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Commissioners OK Restaurant Liquor License Transfer

SANATOGA PA – The owner of a restaurant proposed for the heart of Sanatoga village, construction of which could begin within weeks, won a full license Tuesday (Jan. 3, 2012) to serve and sell beer and alcoholic beverages there once it opens.

Bella Italia Restaurant Owner Vito Cilluffo, left, and real estate licensee Sal Gambone, address commissionrs during Tuesday's hearing

Although the Board of Commissioners’ vote to grant the liquor license for Bella Italia Restaurant – to be built at 2209 E. High St. – ultimately was unanimous, newest commissioner Stephen Klotz earlier tried to solicit owner Vito Cilluffo’s pledge not to sell beer to off-the-street purchasers. Cilluffo declined, but assured board members he would closely monitor when and to whom beer was sold.

“People running in-and-out, getting six packs of beer, is my concern,” Klotz explained. “I don’t want this place to be a six-pack heaven.”

Real estate licensee Sal Gambone, who negotiated the transfer of the license from a Norristown firm to Bella Italia and who appeared with Cilluffo during the board’s extended hearing on the license, told commissioners the restaurant was intended to be run as “a quality place” with a full-service menu. Its policy, he added, would be to sell beer primarily to patrons who also ordered food.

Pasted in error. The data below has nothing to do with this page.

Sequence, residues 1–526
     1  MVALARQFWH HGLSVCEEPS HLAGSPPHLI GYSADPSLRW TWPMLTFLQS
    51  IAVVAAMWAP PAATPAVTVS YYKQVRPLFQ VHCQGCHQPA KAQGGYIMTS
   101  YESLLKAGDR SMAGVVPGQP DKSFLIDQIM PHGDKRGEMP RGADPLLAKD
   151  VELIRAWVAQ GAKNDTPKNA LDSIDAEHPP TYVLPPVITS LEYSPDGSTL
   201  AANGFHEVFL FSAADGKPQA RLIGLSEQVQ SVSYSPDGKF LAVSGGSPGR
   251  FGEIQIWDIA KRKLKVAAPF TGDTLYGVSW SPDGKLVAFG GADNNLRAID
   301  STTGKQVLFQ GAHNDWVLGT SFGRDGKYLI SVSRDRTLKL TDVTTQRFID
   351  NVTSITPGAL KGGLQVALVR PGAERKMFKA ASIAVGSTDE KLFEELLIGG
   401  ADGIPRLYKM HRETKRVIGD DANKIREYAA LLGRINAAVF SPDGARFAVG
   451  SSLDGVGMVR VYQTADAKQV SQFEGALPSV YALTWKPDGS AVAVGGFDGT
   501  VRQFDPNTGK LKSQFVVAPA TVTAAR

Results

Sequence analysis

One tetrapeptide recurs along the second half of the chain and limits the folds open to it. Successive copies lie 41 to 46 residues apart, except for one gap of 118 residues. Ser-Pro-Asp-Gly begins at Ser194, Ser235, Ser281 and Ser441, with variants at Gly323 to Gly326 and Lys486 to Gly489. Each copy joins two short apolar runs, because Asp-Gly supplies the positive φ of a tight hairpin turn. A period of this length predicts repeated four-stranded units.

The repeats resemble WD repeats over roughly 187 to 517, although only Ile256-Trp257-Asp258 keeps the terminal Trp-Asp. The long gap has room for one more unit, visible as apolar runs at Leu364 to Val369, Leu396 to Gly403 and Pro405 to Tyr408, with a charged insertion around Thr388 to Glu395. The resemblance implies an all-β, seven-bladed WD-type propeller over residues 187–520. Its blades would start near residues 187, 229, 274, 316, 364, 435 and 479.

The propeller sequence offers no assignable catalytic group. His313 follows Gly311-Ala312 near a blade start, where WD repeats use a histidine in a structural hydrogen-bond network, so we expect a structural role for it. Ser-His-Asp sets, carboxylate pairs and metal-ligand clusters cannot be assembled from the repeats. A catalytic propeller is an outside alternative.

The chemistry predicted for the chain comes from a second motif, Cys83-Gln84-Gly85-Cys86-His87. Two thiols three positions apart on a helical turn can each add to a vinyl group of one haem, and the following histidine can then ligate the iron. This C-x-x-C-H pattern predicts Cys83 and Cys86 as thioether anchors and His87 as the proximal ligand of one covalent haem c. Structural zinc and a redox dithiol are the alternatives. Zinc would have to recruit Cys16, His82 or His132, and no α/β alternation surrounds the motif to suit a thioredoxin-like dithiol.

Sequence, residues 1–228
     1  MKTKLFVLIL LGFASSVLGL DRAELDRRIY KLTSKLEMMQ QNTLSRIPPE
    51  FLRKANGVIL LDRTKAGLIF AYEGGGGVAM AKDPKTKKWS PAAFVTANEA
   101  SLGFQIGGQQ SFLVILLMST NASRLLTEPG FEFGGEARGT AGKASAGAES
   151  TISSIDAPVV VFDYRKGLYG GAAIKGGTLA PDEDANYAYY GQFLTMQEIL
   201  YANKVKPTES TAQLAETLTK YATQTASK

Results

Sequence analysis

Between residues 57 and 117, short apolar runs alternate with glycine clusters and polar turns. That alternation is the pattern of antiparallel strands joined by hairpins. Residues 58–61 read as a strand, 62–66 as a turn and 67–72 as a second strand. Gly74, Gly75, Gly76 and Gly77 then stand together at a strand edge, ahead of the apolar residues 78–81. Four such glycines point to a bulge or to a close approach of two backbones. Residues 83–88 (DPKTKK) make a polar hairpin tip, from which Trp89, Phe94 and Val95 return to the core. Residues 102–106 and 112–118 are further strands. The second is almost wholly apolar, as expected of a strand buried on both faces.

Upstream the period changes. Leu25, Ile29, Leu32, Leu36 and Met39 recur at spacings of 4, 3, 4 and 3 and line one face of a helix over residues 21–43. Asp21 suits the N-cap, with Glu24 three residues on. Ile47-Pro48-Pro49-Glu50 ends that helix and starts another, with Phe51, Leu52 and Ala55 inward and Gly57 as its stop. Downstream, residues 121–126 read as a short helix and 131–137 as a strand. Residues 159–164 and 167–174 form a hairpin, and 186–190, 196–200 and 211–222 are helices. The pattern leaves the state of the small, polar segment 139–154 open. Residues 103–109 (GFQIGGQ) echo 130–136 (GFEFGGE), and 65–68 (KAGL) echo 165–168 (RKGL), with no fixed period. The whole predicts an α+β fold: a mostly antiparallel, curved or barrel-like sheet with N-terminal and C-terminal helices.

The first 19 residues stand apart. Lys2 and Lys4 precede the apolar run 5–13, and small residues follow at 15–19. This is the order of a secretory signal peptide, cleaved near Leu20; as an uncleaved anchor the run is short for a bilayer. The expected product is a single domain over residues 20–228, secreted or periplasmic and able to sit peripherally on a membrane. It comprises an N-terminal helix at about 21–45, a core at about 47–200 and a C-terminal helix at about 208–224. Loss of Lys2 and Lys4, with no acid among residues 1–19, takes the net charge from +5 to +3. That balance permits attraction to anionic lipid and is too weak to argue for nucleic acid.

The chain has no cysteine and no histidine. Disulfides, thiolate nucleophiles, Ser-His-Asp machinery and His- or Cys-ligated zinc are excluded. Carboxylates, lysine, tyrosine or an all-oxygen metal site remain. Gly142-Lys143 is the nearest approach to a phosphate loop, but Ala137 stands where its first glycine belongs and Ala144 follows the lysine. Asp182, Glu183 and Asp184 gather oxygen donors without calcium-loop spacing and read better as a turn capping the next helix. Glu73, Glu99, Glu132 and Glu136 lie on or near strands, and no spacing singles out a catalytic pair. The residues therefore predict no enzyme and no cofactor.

To forego the incremental portion of business that other six-pack sales might produce would be unwise, Gambone suggested.

Cilluffo and his representatives have spent more than 18 months trying to get the restaurant built just west of the now-vacant Rite Aid retail store on East High. Much of the delay was created as Cilluffo attempted to satisfy commissioners’ desires to deal with an alley exit at the northwest corner of the property.

None of the commissioners who dealt with Bella Italia in that time raised any concerns about the liquor license, although they were aware one would be sought.

“We really want to encourage new business in our township,” board President Jonathan Spadt said, somewhat apologetically, “but I certainly understand Commissioner Klotz’s concerns. Let’s say that we’re going to closely watch what happens” after the license takes effect, he suggested.

“I’m happy. It sounds to me like you’re going to run a higher-end business,” Klotz concluded. Klotz himself offered the resolution under which the license was approved.

A contractor’s trailer that was recently moved onto the property, and a sign announcing the name of an excavating company, are indicators work on the project may soon get under way.


Related (to the Lower Pottsgrove Board of Commissioners’ Jan. 3 meeting):

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